These courses, like the rest of the 12, should be among those designated "For Undergraduates and Graduates" or "Primarily for Graduates" in the course catalogue. In addition Empirical and Mathematical Reasoning 17 may be counted if needed for the Logic requirement. At least ten of the courses must be taught by members of the Department of Philosophy (including visiting and emeritus members). This requirement can be modified for students specializing in classical philosophy.
Students who have done graduate work elsewhere may petition to obtain credit for up to three half-courses, which may be counted toward the Preliminary Requirement. If they are in philosophy (as would normally be the case) such courses will be regarded as equivalent to those taught by members of the department.
Distribution Requirement — This requirement, intended to ensure a broad background in philosophy, is met by completing eight distribution units of work before the beginning of the fourth year of graduate study. A distribution unit may be fulfilled (i) by completing an approved half-course or seminar (which may also be counted toward the Preliminary Requirement) or (ii) by writing a paper under the guidance of a faculty member, with the approval of the director of graduate studies. In the latter case the work does not count toward the Preliminary Requirement.
The units are to be distributed as follows:
a. Contemporary Theoretical Philosophy: Three units in core areas of 20th–21st century metaphysics, epistemology, philosophy of science, philosophy of mind, philosophy of language, philosophy of mathematics, and the like.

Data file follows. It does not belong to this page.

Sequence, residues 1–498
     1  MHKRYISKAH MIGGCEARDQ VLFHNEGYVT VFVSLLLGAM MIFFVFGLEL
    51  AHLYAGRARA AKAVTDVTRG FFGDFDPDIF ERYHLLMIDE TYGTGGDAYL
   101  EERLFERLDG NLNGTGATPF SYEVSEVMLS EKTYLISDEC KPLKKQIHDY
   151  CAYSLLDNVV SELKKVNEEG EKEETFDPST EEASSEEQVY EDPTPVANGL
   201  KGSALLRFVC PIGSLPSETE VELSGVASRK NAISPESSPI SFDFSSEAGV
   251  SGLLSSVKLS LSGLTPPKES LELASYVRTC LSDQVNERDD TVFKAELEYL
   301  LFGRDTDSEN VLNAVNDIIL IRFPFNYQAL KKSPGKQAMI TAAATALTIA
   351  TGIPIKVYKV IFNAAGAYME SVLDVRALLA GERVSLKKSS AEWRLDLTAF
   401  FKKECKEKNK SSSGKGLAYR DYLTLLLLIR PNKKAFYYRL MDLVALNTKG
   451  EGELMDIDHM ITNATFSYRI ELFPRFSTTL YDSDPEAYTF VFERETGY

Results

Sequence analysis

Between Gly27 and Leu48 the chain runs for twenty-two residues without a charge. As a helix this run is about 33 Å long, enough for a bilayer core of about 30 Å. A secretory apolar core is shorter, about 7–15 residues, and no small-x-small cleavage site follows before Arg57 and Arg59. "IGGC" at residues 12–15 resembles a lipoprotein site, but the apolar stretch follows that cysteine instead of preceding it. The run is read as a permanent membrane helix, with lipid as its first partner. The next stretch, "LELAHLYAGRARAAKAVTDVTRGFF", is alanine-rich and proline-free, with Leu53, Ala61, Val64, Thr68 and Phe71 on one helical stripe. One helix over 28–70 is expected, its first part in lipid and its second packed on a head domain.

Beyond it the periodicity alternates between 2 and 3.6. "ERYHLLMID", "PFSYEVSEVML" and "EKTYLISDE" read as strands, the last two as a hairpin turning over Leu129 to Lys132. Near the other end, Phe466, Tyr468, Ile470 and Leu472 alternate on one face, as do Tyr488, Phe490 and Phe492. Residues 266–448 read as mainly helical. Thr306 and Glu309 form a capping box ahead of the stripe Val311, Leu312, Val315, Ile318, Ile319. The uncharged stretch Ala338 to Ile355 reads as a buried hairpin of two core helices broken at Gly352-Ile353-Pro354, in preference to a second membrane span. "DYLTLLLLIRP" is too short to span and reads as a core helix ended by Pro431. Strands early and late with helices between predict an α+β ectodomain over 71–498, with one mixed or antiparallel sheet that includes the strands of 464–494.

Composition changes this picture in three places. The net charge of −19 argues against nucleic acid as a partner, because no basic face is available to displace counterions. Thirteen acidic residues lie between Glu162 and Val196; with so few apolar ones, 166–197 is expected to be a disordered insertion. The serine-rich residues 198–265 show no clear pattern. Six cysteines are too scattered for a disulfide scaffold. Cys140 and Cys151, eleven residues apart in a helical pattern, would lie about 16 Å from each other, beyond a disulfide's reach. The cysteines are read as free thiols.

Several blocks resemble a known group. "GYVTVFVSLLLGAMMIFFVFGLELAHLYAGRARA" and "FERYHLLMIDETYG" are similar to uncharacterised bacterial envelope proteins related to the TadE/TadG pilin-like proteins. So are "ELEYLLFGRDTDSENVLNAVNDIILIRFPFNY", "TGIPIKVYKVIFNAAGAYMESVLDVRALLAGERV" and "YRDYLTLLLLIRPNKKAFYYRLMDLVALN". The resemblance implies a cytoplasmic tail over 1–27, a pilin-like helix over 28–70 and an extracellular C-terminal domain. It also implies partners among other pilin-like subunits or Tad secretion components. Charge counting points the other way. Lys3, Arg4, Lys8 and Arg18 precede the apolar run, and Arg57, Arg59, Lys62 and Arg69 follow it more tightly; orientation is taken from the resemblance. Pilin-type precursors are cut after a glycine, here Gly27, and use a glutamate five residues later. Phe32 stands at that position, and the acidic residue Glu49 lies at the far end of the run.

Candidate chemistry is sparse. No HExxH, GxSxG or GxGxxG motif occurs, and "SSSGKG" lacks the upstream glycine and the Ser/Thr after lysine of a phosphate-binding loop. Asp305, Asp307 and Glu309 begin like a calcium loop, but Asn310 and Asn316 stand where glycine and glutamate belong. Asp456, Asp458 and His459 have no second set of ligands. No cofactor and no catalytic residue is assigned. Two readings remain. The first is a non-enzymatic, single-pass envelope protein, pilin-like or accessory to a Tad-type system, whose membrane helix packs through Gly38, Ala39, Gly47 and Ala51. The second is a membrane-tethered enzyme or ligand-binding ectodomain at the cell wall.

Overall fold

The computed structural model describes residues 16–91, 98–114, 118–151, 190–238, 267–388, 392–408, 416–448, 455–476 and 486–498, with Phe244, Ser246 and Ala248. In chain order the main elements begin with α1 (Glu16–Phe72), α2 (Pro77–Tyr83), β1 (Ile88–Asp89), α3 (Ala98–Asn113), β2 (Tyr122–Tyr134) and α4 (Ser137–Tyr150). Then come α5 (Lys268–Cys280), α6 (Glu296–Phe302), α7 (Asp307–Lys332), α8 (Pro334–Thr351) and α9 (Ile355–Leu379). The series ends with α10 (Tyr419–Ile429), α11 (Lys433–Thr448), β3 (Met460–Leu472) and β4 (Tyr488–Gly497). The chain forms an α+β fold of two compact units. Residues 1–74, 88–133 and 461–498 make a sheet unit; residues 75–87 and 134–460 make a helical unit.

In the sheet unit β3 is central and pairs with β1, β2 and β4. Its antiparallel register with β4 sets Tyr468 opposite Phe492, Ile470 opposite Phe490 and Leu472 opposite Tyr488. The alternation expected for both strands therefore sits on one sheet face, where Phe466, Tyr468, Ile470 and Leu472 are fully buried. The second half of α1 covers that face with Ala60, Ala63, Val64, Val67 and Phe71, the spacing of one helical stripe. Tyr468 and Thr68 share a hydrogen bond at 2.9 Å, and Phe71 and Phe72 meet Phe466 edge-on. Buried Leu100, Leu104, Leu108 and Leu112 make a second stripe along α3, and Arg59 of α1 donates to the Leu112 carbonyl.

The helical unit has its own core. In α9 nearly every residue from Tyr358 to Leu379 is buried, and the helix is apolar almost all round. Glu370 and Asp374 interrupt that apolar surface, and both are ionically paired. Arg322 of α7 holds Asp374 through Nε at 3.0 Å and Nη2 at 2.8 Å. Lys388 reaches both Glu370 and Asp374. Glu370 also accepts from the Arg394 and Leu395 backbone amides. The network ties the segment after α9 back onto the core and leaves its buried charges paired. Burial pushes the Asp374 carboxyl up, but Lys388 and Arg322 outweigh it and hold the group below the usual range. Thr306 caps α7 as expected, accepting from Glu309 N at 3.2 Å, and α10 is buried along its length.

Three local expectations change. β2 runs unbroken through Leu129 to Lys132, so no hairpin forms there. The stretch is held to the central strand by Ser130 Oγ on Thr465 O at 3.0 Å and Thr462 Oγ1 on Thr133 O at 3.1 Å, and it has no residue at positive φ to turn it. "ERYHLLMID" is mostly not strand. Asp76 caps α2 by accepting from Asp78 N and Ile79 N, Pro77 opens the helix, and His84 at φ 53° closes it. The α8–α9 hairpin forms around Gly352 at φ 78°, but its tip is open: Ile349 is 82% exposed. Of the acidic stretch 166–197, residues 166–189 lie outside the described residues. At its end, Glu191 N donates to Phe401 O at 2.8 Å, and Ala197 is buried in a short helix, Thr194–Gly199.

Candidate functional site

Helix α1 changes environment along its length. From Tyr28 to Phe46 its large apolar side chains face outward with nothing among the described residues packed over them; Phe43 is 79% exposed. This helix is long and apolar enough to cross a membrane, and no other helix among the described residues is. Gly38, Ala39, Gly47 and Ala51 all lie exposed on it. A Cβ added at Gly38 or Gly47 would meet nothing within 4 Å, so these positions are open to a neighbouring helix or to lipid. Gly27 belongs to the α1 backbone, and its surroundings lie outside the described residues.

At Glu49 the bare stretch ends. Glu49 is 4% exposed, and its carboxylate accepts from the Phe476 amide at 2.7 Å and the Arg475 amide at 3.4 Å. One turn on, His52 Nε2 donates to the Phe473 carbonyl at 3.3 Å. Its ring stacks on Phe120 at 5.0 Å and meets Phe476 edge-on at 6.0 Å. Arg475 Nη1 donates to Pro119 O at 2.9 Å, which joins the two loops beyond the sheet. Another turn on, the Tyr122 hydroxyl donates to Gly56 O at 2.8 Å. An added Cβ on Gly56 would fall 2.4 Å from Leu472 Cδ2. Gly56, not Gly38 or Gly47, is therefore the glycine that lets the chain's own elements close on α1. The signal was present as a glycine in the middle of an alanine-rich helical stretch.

b. Practical Philosophy: Two units in contemporary or historical ethics, political philosophy, aesthetics, and the like.
c. History of Philosophy: Three units so chosen that one course unit treats primarily Plato or Aristotle and the other two units treat primarily representatives from two of the following: the Rationalists, the Empiricists, Kant, the Idealists. At most one of these three courses may emphasize primarily practical philosophy.
Note: The First-Year Colloquium (Philosophy 300a and 300b) may not be used to fulfill any part of the distribution requirement. Philosophy 299hf, the second-year paper, may be used to fulfill a distribution requirement.
Logic Requirement — Candidates for the Ph.D. are expected to have mastered the fundamentals of logic and to have an understanding of the elements of logic’s metatheory. Normally, this requirement is satisfied by successfully completing one of the Department’s 100-level courses in logic: 140 (Introduction to Mathematical Logic), 144 (Logic and Philosophy), or 145 (Modal Logic). It can also be satisfied by taking an appropriate mathematics course (for example, Mathematics 143, 144a, or 145b). The requirement may also be satisfied by an examination set by the DGS in consultation with appropriate Department members.